• 0

#7 Bruce Greene

Bruce Greene
  • Basic Members
  • PipPipPipPip
  • 493 posts
  • Cinematographer
  • Los Angeles

Posted 31 July 2006 - 01:12 AM

I'm a student preparing to shoot a 24p project with a Sony F900 starting 7/27, and there is a scene in which two characters watch an episode of "I Love Lucy". Is the Plasma TV we have for the scene going to cause any flicker or other undesirable effect if I just shoot it? (i was recently told that it wouldn't)

I would appreciate any advice

Thanks ahead of time


The last time I shot a Plasma (Panasonic model) there was pulsing like with an out of sync HMI lamp. We fixed the issue by shooting with a shutter angle of 144 degrees (Varicams let one select shutters like on film cameras). In the f900 use the syncro scan to find a shutter speed that gets rid of the flicker, probably close to 1/60th second.
  • 0

#8 Christian Vandervort

Christian Vandervort
  • Basic Members
  • PipPip
  • 10 posts
  • Student
  • Los Angeles

Posted 02 August 2006 - 03:56 PM

Everything went as planned... thanks for the help guys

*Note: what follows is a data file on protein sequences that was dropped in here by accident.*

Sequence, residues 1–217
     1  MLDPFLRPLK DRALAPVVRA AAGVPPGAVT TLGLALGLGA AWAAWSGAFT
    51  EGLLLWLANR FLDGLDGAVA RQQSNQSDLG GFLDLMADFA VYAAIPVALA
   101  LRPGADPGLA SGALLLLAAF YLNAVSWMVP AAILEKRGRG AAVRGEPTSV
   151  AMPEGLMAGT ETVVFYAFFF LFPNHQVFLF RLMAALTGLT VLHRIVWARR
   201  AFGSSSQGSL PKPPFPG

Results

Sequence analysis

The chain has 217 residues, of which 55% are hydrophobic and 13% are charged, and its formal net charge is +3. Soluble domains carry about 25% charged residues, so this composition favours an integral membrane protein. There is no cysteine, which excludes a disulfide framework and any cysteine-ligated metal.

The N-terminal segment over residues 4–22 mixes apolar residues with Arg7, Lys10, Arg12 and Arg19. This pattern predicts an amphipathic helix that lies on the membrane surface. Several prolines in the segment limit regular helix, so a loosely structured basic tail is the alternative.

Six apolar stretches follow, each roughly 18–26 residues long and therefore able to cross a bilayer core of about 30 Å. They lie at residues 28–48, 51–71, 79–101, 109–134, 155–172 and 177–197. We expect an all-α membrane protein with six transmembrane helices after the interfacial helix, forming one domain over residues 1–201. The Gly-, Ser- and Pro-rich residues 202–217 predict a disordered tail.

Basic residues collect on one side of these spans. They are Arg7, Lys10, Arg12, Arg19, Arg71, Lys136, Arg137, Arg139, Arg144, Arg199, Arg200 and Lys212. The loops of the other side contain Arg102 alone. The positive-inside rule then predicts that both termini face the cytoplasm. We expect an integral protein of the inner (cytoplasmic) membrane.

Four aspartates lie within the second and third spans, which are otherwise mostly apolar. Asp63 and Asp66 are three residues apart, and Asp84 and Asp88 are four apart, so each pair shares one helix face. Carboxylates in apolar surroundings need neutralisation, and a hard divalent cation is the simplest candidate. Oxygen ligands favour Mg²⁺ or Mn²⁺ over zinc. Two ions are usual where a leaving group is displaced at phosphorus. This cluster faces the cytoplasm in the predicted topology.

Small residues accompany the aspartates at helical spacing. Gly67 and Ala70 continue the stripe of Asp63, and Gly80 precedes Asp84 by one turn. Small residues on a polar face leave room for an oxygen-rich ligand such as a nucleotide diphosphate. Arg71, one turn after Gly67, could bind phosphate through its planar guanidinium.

KV
  • 0

#9 David Mullen ASC

David Mullen ASC
  • Sustaining Members
  • 19769 posts
  • Cinematographer
  • Los Angeles

Posted 02 August 2006 - 08:04 PM

Everything went as planned... thanks for the help guys

KV


So what did you do? Did you have the adjust the shutter?
  • 0

#10 Christian Vandervort

Christian Vandervort
  • Basic Members
  • PipPip
  • 10 posts
  • Student
  • Los Angeles

Posted 18 August 2006 - 02:46 PM

So what did you do? Did you have the adjust the shutter?


sorry for the long delay...one student shoot after another.

No, it ended up being quite easy. I did a quick test with the shutter ON at 1/48, and upon playback on an HD monitor- everything looked flawless.

Thanks again
  • 0


The Slider

Broadcast Solutions Inc

Wooden Camera

Gamma Ray Digital Inc

Opal

Technodolly

Abel Cine

Tai Audio

Metropolis Post

FJS International, LLC

rebotnix Technologies

CineLab

Media Blackout - Custom Cables and AKS

Willys Widgets

Aerial Filmworks

CineTape

Ritter Battery

Glidecam

Rig Wheels Passport

Paralinx LLC

Visual Products

Ritter Battery

Abel Cine

Aerial Filmworks

Opal

Technodolly

FJS International, LLC

CineTape

Visual Products

Willys Widgets

Wooden Camera

Gamma Ray Digital Inc

Rig Wheels Passport

Glidecam

rebotnix Technologies

Metropolis Post

Broadcast Solutions Inc

The Slider

Paralinx LLC

Tai Audio

Media Blackout - Custom Cables and AKS

CineLab